Scientists think that MS--which can cause vision problems, muscle weakness, and difficulty with coordination and balance--is a result of the immune system attacking the body's own nervous system. Not everyone who is infected with Epstein-Barr develops MS, but the results of the new study, published in the June 2006, issue of the journal Brain, suggest that some individuals' unusually strong reaction to the virus may trigger the disease. The findings could lead to new therapeutic strategies for better control of the damage caused in this autoimmune disorder.
The culprit, the researchers say, may be a population of T cells that helps boost other components of the immune system in response to the virus. "What we discovered in the peripheral blood of the MS patients were T cells that appeared to be primed for action against EBV," said Nancy Edwards, an HHMI-NIH research scholar at the National Institutes of Health (NIH) and co-author of the paper, which was published in advance online.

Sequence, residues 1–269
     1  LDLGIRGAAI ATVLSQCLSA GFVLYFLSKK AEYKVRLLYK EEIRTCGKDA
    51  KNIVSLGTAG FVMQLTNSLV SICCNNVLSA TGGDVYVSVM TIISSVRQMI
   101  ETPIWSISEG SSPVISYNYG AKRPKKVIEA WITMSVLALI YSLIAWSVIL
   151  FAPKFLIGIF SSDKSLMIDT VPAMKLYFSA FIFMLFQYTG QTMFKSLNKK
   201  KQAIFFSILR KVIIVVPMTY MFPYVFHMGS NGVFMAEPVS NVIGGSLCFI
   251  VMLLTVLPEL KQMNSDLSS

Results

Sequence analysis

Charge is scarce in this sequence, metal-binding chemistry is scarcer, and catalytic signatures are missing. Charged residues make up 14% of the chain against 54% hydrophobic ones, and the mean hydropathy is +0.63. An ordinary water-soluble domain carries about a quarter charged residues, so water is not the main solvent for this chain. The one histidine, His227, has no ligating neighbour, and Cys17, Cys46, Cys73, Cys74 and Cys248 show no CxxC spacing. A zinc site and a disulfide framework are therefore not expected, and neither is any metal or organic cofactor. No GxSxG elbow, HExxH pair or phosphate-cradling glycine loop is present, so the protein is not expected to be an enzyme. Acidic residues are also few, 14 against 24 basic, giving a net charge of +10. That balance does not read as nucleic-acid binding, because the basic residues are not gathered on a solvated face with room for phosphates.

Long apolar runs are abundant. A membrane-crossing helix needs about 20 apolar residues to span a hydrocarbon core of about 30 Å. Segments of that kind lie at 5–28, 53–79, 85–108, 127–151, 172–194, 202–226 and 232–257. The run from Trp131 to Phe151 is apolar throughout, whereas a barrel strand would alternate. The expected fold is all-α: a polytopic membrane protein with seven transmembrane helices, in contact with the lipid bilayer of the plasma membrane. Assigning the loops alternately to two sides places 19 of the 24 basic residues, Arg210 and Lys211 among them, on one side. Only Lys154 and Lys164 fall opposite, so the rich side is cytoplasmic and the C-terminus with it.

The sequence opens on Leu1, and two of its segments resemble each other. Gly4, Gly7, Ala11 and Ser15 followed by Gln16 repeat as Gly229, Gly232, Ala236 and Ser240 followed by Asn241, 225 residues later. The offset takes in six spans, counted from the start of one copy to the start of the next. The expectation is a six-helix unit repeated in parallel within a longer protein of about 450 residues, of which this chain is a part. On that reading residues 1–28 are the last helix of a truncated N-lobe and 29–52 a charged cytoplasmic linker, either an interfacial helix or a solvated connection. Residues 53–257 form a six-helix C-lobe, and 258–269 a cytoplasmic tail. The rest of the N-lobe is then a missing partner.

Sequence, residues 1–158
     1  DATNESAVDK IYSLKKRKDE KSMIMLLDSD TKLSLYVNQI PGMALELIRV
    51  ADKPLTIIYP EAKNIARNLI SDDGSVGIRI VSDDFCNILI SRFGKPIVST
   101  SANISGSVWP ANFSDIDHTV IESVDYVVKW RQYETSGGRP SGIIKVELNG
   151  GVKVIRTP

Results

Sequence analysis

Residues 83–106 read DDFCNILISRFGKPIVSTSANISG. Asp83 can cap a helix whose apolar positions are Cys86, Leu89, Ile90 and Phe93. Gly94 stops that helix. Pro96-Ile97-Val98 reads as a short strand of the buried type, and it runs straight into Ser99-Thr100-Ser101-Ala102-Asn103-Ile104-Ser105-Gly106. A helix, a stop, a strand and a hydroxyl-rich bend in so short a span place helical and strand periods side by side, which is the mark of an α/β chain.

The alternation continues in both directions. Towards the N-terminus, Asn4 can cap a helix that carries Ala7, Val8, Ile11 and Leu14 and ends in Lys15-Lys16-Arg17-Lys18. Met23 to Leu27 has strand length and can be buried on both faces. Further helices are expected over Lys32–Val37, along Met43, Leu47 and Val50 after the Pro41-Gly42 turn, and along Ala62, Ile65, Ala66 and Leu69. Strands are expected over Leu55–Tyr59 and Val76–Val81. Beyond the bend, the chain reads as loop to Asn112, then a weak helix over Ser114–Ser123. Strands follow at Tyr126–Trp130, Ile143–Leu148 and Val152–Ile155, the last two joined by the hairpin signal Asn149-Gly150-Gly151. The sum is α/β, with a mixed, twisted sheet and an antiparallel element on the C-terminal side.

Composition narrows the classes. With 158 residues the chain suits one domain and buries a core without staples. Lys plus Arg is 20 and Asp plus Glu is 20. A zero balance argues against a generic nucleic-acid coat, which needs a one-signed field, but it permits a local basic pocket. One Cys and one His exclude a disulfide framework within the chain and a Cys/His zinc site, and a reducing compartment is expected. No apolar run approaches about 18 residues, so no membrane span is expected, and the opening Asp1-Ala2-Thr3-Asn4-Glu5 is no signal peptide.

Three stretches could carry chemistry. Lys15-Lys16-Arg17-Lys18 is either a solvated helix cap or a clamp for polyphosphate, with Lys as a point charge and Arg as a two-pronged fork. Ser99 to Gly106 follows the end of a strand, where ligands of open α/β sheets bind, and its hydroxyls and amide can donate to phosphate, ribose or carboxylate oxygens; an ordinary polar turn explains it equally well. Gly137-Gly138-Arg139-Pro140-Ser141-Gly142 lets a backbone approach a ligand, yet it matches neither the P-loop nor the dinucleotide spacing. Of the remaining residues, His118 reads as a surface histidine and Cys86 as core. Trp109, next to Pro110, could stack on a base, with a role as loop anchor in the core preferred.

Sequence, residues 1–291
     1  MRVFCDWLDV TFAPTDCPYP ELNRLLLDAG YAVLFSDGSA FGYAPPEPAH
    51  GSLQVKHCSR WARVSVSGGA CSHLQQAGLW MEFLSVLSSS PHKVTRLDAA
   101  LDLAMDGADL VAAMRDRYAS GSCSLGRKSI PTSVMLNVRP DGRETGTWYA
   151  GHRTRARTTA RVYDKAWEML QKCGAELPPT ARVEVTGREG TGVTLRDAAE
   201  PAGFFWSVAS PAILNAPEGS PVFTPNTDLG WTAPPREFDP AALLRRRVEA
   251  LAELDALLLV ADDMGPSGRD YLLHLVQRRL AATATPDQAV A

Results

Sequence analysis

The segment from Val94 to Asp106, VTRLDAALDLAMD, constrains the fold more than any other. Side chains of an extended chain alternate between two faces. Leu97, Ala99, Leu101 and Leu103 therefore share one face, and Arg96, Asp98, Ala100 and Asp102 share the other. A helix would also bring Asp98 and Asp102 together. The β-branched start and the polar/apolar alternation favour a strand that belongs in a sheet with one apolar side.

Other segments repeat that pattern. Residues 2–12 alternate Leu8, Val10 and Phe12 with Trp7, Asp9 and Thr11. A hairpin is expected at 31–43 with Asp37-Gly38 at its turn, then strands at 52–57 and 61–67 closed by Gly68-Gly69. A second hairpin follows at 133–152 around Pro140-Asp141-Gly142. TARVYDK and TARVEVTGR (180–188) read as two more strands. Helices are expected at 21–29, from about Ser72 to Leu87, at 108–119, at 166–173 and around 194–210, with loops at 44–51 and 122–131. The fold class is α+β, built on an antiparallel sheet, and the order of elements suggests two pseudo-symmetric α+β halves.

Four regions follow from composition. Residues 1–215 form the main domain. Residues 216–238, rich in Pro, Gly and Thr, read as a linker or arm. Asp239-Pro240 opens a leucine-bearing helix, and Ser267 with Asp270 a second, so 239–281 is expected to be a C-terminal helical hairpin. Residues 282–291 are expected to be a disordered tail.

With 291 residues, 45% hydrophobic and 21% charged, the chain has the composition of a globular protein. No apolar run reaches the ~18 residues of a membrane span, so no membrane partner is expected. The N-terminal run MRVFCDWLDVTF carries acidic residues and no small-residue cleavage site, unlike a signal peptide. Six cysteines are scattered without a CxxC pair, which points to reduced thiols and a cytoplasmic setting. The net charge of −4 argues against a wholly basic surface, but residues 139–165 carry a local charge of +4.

HHM-NIH research scholars are medical students who are interested in research. They compete for the opportunity to spend a year conducting mentored research in NIH labs. The program is designed to encourage medical students to consider careers as physician-scientists. Edwards, a medical student at Duke University School of Medicine, conducted her research primarily in the laboratory of noted MS researcher Roland Martin at the National Institute of Neurological Disorders and Stroke.
"The susceptibility to acquire MS is inherited, but environmental insults such as viral infections are thought to trigger the disease, and Epst
Source:Howard Hughes Medical Institute